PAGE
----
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Housing budget to be discussed

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Plans to invest more than £50 million across housing services will go before Dudley Council’s cabinet when it meets next week (October 28).

The proposed budget for 2022/2023 sees £22.6million allocated to housing management to cover day-to-day duties such as income collection, tenancy enforcement, and support for vulnerable tenants as well as lettings and void management.

It also outlines plans to invest £27.2 million to cover the cost of responsive repairs and routine void works as well as annual statutory duties such as fire risk assessments, servicing of gas appliances, electrical inspections and lift servicing.

The council will also contribute up to £250,000 towards discretionary housing payments, topping up a grant from government which was almost £650,000 in the current year. These payments are used to support people who are already receiving benefits but need extra help to meet their housing costs.

In this year’s budget, the council is also proposing an increase in rents, linked to inflation and in line with government policy, which would mean the average weekly rent would rise in April 2022. Money raised through this increase will be reinvested in housing services.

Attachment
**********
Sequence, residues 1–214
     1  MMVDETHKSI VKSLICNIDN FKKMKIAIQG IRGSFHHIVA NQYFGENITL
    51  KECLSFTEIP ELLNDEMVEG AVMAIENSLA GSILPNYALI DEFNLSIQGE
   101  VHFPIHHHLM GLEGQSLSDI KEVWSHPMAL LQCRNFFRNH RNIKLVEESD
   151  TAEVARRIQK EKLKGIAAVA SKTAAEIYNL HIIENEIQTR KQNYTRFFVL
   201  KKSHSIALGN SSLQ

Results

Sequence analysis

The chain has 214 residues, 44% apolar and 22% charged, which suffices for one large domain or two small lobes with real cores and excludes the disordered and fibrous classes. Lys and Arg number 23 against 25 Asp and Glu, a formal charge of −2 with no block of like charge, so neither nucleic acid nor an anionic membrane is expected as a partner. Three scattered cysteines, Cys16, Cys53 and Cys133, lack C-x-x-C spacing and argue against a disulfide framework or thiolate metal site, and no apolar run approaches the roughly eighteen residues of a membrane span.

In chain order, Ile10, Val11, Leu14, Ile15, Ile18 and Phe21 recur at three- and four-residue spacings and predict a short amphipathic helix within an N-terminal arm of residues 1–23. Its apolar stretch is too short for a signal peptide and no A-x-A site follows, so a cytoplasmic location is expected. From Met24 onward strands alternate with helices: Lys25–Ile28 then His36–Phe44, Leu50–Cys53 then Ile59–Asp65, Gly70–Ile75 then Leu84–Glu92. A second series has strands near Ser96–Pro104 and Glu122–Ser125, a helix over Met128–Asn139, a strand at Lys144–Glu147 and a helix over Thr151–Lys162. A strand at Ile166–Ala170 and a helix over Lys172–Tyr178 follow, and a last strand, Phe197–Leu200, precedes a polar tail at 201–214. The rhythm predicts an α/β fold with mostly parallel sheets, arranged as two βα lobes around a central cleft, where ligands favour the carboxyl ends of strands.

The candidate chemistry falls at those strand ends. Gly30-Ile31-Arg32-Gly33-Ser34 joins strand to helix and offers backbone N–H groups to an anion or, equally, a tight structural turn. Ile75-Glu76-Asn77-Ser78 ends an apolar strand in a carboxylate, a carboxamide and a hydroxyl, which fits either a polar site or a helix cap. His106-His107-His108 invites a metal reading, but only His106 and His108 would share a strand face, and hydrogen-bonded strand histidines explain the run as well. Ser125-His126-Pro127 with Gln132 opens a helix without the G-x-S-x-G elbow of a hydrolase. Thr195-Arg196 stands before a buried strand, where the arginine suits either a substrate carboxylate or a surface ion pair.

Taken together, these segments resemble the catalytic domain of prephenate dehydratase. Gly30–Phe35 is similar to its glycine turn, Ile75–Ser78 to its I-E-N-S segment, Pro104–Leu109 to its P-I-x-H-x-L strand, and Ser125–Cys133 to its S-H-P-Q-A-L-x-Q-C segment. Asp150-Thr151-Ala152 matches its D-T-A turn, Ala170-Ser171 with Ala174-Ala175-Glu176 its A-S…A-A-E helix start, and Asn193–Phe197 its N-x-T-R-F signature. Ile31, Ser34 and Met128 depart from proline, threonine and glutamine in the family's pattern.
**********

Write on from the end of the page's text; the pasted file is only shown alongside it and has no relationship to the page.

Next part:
Services charges will in most cases be increased in line with inflation, following a freeze on increases last year.

Cabinet will also consider an enhanced programme of improvement works including estate regeneration and building new homes. This takes advantage of the council’s borrowing flexibility for housing, and schemes are being developed in consultation with tenants and residents.

Councillor Laura Taylor-Childs, cabinet member for housing and community services, said:

 

After what has been another difficult year for so many, including our tenants, I’m pleased we’re in a position to continue our significant investment in housing services and show our commitment to improving our homes as we move into the new financial year in the spring.
To help us invest at the pace we are and to address budget issues moving forward which have come about as a result of the ongoing impact of the pandemic, along with inflationary pressures and higher demand for our services, it is necessary to bring in a small rent increase.
While we wish this was avoidable, all of the money raised through this increase will be ploughed back into housing services. We will continue to offer support to some people who struggle to meet their housing costs through our discretionary housing payments.

Members will be asked to consider all of these proposals along with a revised capital programme and a 30 year business plan for the Housing Revenue Account.

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